Alert / Retirement
Retirement Guidance: IRS eases corrections for participant loan and document failures

Retirement plans are incredibly complex, and even the bestrun plans make mistakes. In newly published guidance by the IRS, plan sponsors may now self-correct many problems with their retirement plan operations or documents, saving time and money.

What's changing

New Revenue Procedure 2019-19 modifies and supersedes prior IRS guidance regarding the Employee Plans Compliance Resolution System (EPCRS) and takes effect April 19, 2019. It provides new opportunities for plan sponsors to correct loan defaults and other minor operational failures without going through the costly and lengthy voluntary correction program (VCP) procedure. 

Document failures 

Before, retroactively amending a plan to repair operational errors when the plan was administered differently from the plan document terms or to correct the failure to timely adopt an amendment was only available in very limited situations. These included allowing employees to participate in the plan too soon, allowing participants to take loans or hardship distributions without plan provisions, and failing to limit the compensation used for contribution allocations to the legal limit.

Retroactive amendments may now be made to repair operational errors if:

  • The amendment conforms the plan document to actual operations;
  • A benefit, right or feature of the plan would increase because of the amendment;
  • The increase applies to all eligible employees; and
  • The increase is consistent with the procedure’s correction principles.

Retroactive amendments may also be used to self-correct plan documentation failures such as the inclusion of a provision that is prohibited or the omission of a provision required for plan qualification if:

  • The plan has received a favorable determination or opinion letter;
  • The error is not the failure to timely adopt a qualified plan or a written 403(b) plan document; and
  • The correction occurs by the end of the second plan year following the year in which the plan document failure occurred (the selfcorrection period).

Participant loan failures

The new guidance also expands the self-correction of participant loan failures. When a participant fails to repay a participant loan on time, the total principal and accrued interest of the loan become taxable income to the participant in the year of default. The law permits a limited “grace period” after the default. However, prior to the new procedure, once that grace period had ended without repayment, nothing could be done to prevent the full taxation outside of VCP. This was true even if the problem arose because the plan sponsor failed to start the intended automatic deduction for the loan repayment on its payroll system. Now self-correction is available to:

  • Correct loan defaults through single sum repayment, reamortization of the loan balance, or a combination of the two, without filing a VCP application;
  • Report a deemed distribution in the year of correction rather than in the year of the failure without submitting a VCP application;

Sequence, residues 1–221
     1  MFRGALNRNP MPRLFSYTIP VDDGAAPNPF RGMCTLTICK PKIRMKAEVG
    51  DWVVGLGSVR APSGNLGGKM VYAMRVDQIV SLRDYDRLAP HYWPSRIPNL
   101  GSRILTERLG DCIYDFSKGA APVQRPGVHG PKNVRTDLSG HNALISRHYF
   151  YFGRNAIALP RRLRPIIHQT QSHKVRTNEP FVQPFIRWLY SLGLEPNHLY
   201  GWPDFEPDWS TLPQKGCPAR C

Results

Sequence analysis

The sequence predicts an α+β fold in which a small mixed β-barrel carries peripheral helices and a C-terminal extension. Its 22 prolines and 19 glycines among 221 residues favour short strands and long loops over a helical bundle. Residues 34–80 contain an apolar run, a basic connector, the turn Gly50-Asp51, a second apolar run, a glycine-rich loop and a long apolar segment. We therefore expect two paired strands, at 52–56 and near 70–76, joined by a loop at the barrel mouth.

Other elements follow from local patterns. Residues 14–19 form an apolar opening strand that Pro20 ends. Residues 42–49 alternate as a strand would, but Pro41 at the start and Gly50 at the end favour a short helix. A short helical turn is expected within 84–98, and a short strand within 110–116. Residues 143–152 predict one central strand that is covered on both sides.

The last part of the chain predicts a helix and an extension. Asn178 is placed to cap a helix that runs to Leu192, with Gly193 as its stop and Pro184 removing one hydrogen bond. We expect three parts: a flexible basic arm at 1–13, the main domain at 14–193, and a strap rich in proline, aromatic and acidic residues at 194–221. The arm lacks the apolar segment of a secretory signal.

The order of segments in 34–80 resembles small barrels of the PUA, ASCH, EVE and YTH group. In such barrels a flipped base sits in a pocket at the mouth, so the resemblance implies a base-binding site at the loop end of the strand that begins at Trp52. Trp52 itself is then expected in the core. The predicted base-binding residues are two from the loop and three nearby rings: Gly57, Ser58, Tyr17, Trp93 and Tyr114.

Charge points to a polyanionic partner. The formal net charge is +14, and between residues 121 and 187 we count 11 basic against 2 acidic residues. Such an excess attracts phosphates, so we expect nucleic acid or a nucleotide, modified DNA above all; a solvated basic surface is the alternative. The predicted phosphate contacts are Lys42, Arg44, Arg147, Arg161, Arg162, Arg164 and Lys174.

• Increase the number of loans available to a single participant by retroactive amendment; and
  • Obtain spousal consent retroactively if plan requires it.

If a loan default is self-corrected properly, the participant avoids having the loan treated as taxable income. If the loan default happened so long ago that the maximum five-year repayment period has already expired, the self-correction program can only be used to allow the income to be taxable in the year of correction, rather than the year of default.

Next steps

The new guidance is now available and especially welcomed after the IRS removed its low cost VCP filings in January 2018. Loan failures are one of the most common plan errors, and the Revenue Procedure should help reduce the burden on plan sponsors and participants because of inadvertent mistakes. In addition, when employers change service providers and move to a new document, it is very common that an intended plan provision fails to make it into the new plan. The ability to retroactively amend a plan will be helpful in those situations. Remember, however, that plan document self-correction must occur within two years following the year in which the mistake occurred.

The communication is offered solely for discussion purposes. Lockton does not provide legal or tax advice. The services referenced are not a comprehensive list of all necessary components for consideration. You are encouraged to seek qualified legal and tax counsel to assist in considering all the unique facts and circumstances. Additionally, this communication is not intended to constitute US federal tax advice, and is not intended or written to be used, and cannot be used, for the purpose of avoiding penalties under the Internal Revenue Code or promoting, marketing, or recommending any transaction or matter addressed herein to another party.

This document contains the proprietary work product of Lockton Financial Advisors, LLC, and Lockton Investment Advisors, LLC, and is provided on a confidential basis. Any reproduction, disclosure, or distribution to any third party without first securing written permission is expressly prohibited.

Investment advisory services offered through Lockton Investment Advisors, LLC, an SEC-registered investment advisor. For California, Lockton Financial Advisors, LLC, d.b.a. Lockton Insurance Services, LLC, license number 0G13569.

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